The ECB, its Governing Council, and the full body of the Eurosystem are doing their utmost to enable Europe to cope with its present challenges. Our best contribution, in conformity with our mandate, is to ensure price stability and to be credible in doing so, not only on a short to medium term basis but also on a medium to long term basis. In fulfilling this role efficiently, the ECB is today making a major contribution to European prosperity, growth and job creation. It is doing so in three ways. It is consolidating a low level of medium and long term market rates for the 306 million citizens of the euro area. It is preserving the purchasing power of households, which is a necessary condition for consumption growth. And it is augmenting the confidence of economic agents, which is so important at the present juncture in Europe.

Jean-Claude Trichet became President of the European Central Bank in 2003. He previously served two terms as Governor of the Banque de France, and two terms as Alternate Governor of the IMF. He also served two years as the Governor of the World Bank, and was a member of the Board of Directors of the Bank for International Settlements. He was earlier Director, Head of International Affairs, and Head of the Development Aid Office at the French Treasury Department. He has been an advisor to the Minister of Economic Affairs and to the President of France on industry, energy and research.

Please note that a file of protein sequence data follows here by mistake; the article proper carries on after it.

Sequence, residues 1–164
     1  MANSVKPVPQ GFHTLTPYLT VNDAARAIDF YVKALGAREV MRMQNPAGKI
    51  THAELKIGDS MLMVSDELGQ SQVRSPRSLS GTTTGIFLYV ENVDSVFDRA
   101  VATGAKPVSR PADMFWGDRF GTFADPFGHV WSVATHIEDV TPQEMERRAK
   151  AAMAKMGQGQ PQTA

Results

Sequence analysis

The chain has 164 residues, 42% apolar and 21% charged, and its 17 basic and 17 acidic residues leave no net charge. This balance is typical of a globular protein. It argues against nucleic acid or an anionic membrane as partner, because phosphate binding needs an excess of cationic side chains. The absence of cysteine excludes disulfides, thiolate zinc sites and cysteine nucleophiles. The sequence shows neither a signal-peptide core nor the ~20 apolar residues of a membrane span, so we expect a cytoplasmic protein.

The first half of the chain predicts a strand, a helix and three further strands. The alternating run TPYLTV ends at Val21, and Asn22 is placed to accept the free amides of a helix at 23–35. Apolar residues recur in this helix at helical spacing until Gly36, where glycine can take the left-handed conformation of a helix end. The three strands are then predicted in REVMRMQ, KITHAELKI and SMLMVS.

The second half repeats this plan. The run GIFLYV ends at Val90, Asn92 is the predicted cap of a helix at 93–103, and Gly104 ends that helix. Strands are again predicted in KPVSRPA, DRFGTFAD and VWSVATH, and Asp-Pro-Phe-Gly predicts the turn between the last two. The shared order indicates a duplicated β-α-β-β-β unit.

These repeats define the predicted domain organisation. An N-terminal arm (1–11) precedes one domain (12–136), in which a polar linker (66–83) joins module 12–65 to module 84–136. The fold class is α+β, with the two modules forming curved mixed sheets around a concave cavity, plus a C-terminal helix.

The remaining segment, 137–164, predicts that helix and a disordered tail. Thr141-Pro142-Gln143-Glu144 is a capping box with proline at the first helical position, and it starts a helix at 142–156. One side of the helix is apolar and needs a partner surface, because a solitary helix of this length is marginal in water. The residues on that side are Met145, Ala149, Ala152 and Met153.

1 The General Council consists of the President, Vice President and Governors of national central banks. It acts primarily as an advisory board. It contributes to the collection of statistical information, the preparation of the ECB's annual report, among other projects. It will exist as long as there are EU member states that are not part of the euro area.

2 The Governing Council is the decision making body of the ECB. It is comprised of the President, Vice President, the other Members of the Executive Board and the Governors of national central banks of the euro area. It formulates monetary policy in the euro area free from political interference, ensures performance of the Eurosystem, and establishes implementation guidelines.


This article was published in European Affairs: Volume number V, Issue number II in the Spring of 2004.